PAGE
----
Class of 2012
When Cooper Smith went undrafted in the 2003 NBA Draft, he began searching for alternate career paths. After dabbling in a wide variety of majors at the University of Colorado, he eventually landed on creative advertising and was hooked. Even while he was finishing his degree, Cooper was logging serious hours in the interactive production department at Crispin Porter + Bogusky Miami and Boulder offices. Since graduating, he has spent the last few years at Wieden + Kennedy in Portland and Factory Design Labs in Denver. Now Cooper has elected to return to school to pursue his passion in interaction design and creative technology.
Cooper’s biggest passion in life is discovery. From music and movies to neighborhoods and cities, he relishes his initial interaction with something new. His favorite experience is stepping foot into a new Major League Baseball stadium and exploring what makes it unique from its companions, an act he’s completed 25 times (and counting). Cooper loves to document his discoveries and experiences through his photography and writing. Cooper is thrilled to make Brooklyn his new home base for his next big adventure.
There is a constant stream of people coming and going from the SVA IxD department, yet the only method available for them to travel is via elevator, which is slow and often overcrowded. For the physical computing midterm, this group took a two step approach to addressing this concern. First, they petitioned various stakeholders within the building to get the stairs unlocked between the first floor, the sixth floor studio, and the eleventh floor classroom.
With this accomplished, they built a large pressure sensor to place at the stairwell door and track how many people were taking the stairs. They attempted to intercept people as they went to call the elevator by displaying the running total of people who had taken the stairs for collective impact. In the week that this project was up, over 200 people elected to take the stairs rather than the elevator.
Chutes & Spheres
Chutes & Spheres is a game that integrates players’ physical movements with digitally generated objects to give them a fun and engaging way to pass time at the airport.
Every Seat Tells a Story
Yankee Stadium sees a variety of fans, from first time visitors to the diehard Bleacher Creatures, each with their own motives and desires for attending a game. Moreover, attendance at games often feels like a singular experience, with little connection to previous games attended. My goal was to help connect the wide range of fans to their shared role in the story of the Yankees, both at Yankee Stadium and after they've left.
The first step was to create an in-stadium app that allowed the fans to check in to their seats & contribute cheers, photos, and other memories, transforming the baseball game into a social object, both past and present. The second aspect created an experience outside of the individual phone screens by utilizing the large public screens of the stadium to highlight loyal attendees, feature fan photos, and even transform fans into stadium-wide info-graphics.
The third portion of the project, featured here, examines the evolution of paper tickets to the screens of our cellular phones, and what that means to the ticket stub. A ticket to Yankee Stadium serves both a utilitarian purpose in allowing a fan access to the stadium, while simultaneously acting as a nostalgic artifact of previous games attended. Not only was I interested in preserving the ticket stub, but also, adding additional elements of utility and whimsy by customizing each ticket to the unique history of the individual fan.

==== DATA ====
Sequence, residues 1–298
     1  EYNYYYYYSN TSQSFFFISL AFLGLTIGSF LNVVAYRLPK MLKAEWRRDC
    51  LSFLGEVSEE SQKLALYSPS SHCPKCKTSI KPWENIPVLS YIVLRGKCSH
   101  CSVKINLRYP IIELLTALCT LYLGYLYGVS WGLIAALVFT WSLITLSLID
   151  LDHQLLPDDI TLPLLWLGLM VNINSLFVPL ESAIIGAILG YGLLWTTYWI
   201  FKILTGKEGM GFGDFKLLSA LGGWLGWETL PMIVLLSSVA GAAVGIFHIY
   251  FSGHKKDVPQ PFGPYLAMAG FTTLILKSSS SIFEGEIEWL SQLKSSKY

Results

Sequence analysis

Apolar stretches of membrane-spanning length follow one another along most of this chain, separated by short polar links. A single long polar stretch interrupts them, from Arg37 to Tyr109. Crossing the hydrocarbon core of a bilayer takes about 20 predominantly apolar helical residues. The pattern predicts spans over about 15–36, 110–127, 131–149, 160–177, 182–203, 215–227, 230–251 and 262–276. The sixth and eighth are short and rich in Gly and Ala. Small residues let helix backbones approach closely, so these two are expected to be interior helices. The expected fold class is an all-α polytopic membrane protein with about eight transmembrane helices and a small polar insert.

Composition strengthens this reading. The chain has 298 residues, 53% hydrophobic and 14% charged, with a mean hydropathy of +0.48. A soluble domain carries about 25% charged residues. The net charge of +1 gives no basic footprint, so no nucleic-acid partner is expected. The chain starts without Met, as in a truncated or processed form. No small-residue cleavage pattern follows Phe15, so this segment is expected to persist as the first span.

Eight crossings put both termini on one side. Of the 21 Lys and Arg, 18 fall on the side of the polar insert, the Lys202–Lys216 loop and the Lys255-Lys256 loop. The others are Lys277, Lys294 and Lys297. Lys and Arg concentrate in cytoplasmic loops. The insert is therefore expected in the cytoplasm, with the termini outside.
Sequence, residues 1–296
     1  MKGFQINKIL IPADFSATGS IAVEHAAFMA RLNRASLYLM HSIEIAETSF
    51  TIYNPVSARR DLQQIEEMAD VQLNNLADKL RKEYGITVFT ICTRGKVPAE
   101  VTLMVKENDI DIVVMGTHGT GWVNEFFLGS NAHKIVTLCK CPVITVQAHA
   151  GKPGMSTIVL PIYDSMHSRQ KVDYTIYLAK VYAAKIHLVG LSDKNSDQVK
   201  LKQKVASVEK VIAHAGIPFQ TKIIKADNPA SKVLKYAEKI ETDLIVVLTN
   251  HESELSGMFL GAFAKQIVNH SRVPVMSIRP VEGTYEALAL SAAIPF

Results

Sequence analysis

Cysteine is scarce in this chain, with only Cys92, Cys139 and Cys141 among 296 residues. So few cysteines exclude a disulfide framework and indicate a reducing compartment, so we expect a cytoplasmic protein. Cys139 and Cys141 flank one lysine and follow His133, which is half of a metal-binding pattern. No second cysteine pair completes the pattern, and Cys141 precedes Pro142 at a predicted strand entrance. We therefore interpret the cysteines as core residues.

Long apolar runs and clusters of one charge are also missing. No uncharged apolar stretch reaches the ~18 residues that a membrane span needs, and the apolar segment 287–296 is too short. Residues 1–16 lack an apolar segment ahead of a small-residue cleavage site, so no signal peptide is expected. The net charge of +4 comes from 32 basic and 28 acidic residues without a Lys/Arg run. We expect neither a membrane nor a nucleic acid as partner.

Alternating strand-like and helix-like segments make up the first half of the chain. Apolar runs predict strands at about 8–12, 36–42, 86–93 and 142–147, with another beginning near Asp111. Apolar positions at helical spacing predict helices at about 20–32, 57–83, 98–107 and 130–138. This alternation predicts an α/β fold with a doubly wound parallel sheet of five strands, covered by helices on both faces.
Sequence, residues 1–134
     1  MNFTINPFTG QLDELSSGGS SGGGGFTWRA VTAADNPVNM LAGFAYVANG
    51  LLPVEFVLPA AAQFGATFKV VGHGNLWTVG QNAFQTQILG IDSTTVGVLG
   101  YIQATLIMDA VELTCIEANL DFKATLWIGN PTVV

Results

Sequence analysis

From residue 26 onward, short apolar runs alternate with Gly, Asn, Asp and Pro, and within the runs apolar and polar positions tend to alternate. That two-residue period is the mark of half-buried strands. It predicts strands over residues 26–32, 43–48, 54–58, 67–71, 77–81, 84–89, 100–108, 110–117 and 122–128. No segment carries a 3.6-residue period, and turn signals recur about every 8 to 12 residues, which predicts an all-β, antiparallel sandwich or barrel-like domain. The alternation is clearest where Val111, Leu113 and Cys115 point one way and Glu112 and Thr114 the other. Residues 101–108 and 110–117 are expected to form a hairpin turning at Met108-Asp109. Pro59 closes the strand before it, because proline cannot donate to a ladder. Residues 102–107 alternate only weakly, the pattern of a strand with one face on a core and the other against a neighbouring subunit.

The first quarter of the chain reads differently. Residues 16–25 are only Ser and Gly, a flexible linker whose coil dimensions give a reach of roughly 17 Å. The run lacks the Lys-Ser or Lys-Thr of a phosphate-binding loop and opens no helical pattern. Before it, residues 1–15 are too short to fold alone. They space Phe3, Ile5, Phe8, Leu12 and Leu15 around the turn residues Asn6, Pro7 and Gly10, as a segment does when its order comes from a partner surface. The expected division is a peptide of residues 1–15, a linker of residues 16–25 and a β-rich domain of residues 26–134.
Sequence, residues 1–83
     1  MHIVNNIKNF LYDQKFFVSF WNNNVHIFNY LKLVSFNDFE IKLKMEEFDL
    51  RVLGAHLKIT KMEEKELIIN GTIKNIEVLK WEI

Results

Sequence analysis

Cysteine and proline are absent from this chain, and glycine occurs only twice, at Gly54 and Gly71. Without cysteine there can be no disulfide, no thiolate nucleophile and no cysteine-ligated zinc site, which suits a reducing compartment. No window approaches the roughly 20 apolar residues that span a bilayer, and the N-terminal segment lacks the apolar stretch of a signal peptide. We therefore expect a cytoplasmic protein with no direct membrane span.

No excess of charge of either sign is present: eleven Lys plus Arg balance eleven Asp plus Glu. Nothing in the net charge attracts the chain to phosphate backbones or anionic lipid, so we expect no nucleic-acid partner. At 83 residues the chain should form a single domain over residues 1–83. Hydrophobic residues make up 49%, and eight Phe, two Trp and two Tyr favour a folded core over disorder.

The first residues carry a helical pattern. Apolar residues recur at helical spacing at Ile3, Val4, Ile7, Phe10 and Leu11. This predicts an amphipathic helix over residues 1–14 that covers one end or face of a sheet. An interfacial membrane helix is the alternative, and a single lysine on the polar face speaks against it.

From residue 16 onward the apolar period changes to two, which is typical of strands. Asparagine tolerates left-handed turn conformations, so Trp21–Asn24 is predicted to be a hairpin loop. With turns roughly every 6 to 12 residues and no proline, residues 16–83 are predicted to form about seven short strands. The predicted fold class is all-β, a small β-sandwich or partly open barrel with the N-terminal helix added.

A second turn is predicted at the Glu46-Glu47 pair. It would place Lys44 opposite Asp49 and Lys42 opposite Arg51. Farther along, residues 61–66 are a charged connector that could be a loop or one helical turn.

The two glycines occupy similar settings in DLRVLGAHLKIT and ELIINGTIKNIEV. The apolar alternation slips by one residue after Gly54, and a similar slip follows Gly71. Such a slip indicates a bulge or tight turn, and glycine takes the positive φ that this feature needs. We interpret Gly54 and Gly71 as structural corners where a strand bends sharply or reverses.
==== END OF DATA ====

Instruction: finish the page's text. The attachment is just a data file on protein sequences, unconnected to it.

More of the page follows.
Ah, the life of the traveling musician: new cities, new friends, new fans, the rush of the live show… the long hours driving, juggling venues, gear and gas money. Let's face it: it's not all glamour and groupies. Roadie is a service that helps you painlessly organize and manage your band and your tours, while also connecting you with the people who really matter: your fans, who are there to help you out. Use Roadie to plan your route, get your venue information, find food and fun in the neighborhoods you play in, and get in touch with friends to ask for a place to crash or to borrow gear. Tap into the the power of your fans to help you out with smaller stuff: printing your set lists, photographing your shows, putting up posters—anything you think they might be able to help you out with—then reward them with merchandise, passes, or Roadie Points.
For the past decade, we've seen the majority of our communication channels and social interactions migrate to the digital world. And while this shift has been instrumental in reconnecting us with friends and family across distant geographies, its often at the expense of face-to-face contact with our neighbors.
These tools for social networking can also be incredibly powerful in getting us offline and back into our communities. Recently, a new form of offline social networks have emerged to bring us together around common hobbies, the desire to share new skills, or even to simply to borrow a ladder from our neighbor. What's missing, however, is a means to go play.
Recess is a social platform to organize and discover participatory sports and fitness activities in your local community. Recess connects people around the sports that they love to play, and makes it easy to do so. Players can join their friends after work for a soccer game, discover weekend kickball games in the local park, or organize morning runs with their neighbors.
Let's go play.